Cobots, or collaborative robots, are robots intended for direct human robot interaction within a shared space, or where humans and robots are in close proximity. Cobot applications contrast with traditional industrial robot applications in which robots are isolated from human contact. Cobot safety may rely on lightweight construction materials, rounded edges, and inherent limitation of speed and force, or on sensors and software that ensures safe behavior.
The International Federation of Robotics (IFR) recognizes two types of robots
1) Industrial robots used in automation (in an industrial environment)
2) Service robots for domestic and professional use. Service robots could be considered to be cobots as they are intended to work alongside humans. Industrial robots have traditionally worked separately from humans behind fences or other protective barriers, but cobots remove that separation.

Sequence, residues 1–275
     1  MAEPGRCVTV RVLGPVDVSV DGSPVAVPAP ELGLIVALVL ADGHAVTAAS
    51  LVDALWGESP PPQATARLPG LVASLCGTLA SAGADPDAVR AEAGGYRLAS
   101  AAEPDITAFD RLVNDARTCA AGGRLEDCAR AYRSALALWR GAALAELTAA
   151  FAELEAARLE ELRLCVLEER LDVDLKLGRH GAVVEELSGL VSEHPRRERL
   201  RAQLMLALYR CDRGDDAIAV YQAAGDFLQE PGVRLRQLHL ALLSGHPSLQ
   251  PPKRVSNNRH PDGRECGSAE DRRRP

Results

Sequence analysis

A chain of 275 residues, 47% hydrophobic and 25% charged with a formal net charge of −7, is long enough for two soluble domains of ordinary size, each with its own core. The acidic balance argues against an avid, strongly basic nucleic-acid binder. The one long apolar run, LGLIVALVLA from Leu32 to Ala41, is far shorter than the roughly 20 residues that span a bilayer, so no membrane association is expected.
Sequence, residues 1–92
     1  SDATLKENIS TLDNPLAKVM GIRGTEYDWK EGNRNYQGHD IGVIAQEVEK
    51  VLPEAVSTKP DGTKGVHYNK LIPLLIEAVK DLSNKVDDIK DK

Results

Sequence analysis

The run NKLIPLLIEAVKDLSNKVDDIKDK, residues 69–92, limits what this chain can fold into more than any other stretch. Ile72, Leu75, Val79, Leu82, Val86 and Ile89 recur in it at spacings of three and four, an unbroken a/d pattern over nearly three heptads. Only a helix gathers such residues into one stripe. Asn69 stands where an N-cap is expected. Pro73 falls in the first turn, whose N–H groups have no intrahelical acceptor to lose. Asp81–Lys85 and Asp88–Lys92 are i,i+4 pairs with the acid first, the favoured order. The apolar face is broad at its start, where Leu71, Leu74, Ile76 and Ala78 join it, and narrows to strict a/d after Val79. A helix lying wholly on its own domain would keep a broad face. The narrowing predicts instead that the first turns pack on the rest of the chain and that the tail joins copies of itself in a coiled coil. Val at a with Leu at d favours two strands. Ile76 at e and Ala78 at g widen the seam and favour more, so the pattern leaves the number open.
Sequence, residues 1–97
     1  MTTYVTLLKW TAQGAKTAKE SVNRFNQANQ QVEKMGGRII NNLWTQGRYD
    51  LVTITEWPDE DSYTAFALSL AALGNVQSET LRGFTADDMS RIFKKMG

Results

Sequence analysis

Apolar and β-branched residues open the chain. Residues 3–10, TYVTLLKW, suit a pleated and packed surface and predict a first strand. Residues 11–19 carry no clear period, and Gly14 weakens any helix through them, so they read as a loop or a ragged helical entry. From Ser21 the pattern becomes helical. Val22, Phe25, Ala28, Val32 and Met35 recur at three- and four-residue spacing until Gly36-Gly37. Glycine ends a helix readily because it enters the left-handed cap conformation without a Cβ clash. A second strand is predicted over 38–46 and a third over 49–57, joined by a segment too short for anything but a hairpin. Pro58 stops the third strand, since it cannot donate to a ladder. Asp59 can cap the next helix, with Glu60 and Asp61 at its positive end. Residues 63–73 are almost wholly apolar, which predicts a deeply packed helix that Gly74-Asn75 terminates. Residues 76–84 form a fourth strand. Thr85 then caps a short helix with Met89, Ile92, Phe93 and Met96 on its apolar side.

Collaborative Robot refers to a robot that is designed to directly interact with people in the collaboration area.
What is the difference for collaborative robot?
Industrial robots cannot meet the needs of the emerging personalized market, such as reduce labor costs and flexible production, etc.
- Traditional Industrial robots replace production lines with production lines.
- Collaborative robots replace individual personnel.
Cobots were invented in 1996 by J. Edward Colgate and Michael Peshkin, professors at Northwestern University. Their 1997 US patent entitled "Cobots" describes "an apparatus and method for direct physical interaction between a person and a general purpose manipulator controlled by a computer."